Peddling Conversation

The ‘Hackney is Friendly’ project is gradually building momentum. People are returning and connections are slowly building. “Everything builds from the past,” someone says today.

With total strangers topics like the weather, and Hackney are safe opening gambits but as I get to know people we range further afield exploring the “interesting times we live in.”

The pedestrianisation is an ongoing theme which continues to provoke strong views positively and negatively. The wooden boxes which have appeared, to make informal seating and planters are referred to by some as “coffin boxes”, and sat on by others. People come to ask me what’s going on. I tell one man about the planting workshop (this Sunday 11am-4pm) and they ask, “Can we plant marijuana? It would make people happy!”

Most pass by without speaking to me, but some say, “I love Hackney”, or “I shall miss it when I go back to Camden Town.”

The street seems quiet this afternoon – until a lost child stirs a great commotion up and down the Narrow Way, with women of all ages bursting into a tsunami of conversation during and after the finding of the child.

At the barrow, the art of being friendly is discussed. Someone talks about the great benefit of offering, “appreciation, being nice, kindness, simply by extending your greetings.” There is consensus that people need to learn social skills. Someone finds that “people are all so tied up with their own selfish worlds,” that they don’t have time to chat. Someone mentions lives “lived behind a screen,” where real eye contact and relationships are not developed.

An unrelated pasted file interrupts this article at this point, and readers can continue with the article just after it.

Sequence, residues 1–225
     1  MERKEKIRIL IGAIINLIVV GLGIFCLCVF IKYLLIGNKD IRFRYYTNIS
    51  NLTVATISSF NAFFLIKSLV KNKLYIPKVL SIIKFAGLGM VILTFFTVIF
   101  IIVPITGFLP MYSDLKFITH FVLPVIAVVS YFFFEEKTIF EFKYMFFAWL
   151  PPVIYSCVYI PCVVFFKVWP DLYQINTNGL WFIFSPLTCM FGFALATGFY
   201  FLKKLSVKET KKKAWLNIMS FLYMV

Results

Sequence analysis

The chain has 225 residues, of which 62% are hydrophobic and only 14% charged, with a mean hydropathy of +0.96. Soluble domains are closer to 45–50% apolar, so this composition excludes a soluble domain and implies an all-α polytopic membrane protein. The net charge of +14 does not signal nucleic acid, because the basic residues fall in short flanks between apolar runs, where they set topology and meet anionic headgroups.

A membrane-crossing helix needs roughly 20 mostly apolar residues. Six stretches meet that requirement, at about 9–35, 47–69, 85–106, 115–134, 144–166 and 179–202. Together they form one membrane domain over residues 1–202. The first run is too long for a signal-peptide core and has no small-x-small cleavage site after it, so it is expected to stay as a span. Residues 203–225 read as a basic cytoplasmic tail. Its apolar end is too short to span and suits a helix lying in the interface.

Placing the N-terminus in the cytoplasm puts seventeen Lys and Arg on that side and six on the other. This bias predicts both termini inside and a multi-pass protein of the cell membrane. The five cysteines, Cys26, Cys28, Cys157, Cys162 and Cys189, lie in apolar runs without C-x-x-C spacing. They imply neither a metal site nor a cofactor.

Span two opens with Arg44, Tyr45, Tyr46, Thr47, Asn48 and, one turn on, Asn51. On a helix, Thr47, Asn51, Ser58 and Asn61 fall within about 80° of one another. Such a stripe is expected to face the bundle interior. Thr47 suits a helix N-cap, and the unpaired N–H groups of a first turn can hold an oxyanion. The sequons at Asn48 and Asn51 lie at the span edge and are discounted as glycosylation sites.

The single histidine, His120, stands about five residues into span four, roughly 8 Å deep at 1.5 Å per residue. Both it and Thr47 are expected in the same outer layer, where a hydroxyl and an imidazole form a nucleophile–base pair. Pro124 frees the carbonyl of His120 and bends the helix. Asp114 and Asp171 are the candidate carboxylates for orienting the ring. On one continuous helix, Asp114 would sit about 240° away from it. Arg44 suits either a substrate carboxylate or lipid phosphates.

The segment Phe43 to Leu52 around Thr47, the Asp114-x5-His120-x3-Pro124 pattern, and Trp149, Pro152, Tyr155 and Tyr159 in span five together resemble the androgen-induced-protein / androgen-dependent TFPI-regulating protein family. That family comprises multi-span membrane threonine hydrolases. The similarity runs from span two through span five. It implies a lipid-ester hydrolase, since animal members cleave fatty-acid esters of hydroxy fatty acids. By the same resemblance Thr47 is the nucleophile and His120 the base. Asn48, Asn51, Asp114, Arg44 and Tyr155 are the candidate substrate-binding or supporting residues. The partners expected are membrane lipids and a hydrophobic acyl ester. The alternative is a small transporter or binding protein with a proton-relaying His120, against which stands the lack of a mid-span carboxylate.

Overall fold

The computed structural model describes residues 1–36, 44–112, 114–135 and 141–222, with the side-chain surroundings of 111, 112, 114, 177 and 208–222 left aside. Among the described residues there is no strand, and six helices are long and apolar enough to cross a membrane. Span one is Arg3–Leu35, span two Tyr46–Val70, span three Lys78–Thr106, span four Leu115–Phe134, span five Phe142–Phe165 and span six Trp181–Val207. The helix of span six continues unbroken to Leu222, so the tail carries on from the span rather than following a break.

Some of the friendliest people I meet often describe being regarded as mad for chatting to people at bus stops. Someone says of the project, “It’s a great idea. It might actually teach people to respect each other.” Being friendly with a stranger involves taking a risk, which can be scary. It means risking being rejected or dismissed as mad.

Someone on their way to go swimming considered the potential risk involved in going down a shute at the pool “at my age”, and someone else told me about the “great risk they had taken in their life at middle age,” which they have navigated, through being radically honest.

During a conversation about the benefits of travel – to learn about other people and other ways of life – someone from Tooting arrived. One woman described London’s north/south divide, “like crossing the Berline Wall, going south of the river for the first time when I’d just retired.”

Another conversation about the society we live in, and the democratic process, explored where we may be “losing our rights”. One determined and informed person said, “If it matters to me I’ve got to stick up for their rights.” We talked about the spread of corporate space. Someone else talked about shopping centres, and their popularity, “I hate those places”, they said. It was pointed out that in standing on the street with my barrow I am technically peddling, engaging with people, and exchanging ideas.

These are just some of the people I met today:

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